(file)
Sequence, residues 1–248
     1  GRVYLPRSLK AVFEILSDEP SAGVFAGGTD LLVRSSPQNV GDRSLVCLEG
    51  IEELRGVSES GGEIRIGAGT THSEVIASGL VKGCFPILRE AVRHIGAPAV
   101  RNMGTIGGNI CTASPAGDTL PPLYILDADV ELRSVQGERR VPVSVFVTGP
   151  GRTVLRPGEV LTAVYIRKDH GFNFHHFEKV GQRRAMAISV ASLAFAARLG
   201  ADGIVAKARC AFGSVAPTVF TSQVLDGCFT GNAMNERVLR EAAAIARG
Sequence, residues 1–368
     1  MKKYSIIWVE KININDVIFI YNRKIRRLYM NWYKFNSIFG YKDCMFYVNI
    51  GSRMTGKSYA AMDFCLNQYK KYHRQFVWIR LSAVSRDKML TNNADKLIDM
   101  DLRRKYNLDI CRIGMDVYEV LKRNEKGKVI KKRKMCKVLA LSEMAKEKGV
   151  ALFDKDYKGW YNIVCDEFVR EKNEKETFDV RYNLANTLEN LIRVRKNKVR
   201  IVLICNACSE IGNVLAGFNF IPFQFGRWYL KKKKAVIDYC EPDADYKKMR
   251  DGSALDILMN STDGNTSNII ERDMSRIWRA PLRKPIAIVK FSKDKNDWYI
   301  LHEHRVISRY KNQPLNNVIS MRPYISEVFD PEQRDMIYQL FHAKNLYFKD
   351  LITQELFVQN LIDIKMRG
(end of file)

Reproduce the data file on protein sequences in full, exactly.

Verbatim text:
Sequence, residues 1–248
     1  GRVYLPRSLK AVFEILSDEP SAGVFAGGTD LLVRSSPQNV GDRSLVCLEG
    51  IEELRGVSES GGEIRIGAGT THSEVIASGL VKGCFPILRE AVRHIGAPAV
   101  RNMGTIGGNI CTASPAGDTL PPLYILDADV ELRSVQGERR VPVSVFVTGP
   151  GRTVLRPGEV LTAVYIRKDH GFNFHHFEKV GQRRAMAISV ASLAFAARLG
   201  ADGIVAKARC AFGSVAPTVF TSQVLDGCFT GNAMNERVLR EAAAIARG
Sequence, residues 1–368
     1  MKKYSIIWVE KININDVIFI YNRKIRRLYM NWYKFNSIFG YKDCMFYVNI
    51  GSRMTGKSYA AMDFCLNQYK KYHRQFVWIR LSAVSRDKML TNNADKLIDM
   101  DLRRKYNLDI CRIGMDVYEV LKRNEKGKVI KKRKMCKVLA LSEMAKEKGV
   151  ALFDKDYKGW YNIVCDEFVR EKNEKETFDV RYNLANTLEN LIRVRKNKVR
   201  IVLICNACSE IGNVLAGFNF IPFQFGRWYL KKKKAVIDYC EPDADYKKMR
   251  DGSALDILMN STDGNTSNII ERDMSRIWRA PLRKPIAIVK FSKDKNDWYI
   301  LHEHRVISRY KNQPLNNVIS MRPYISEVFD PEQRDMIYQL FHAKNLYFKD
   351  LITQELFVQN LIDIKMRG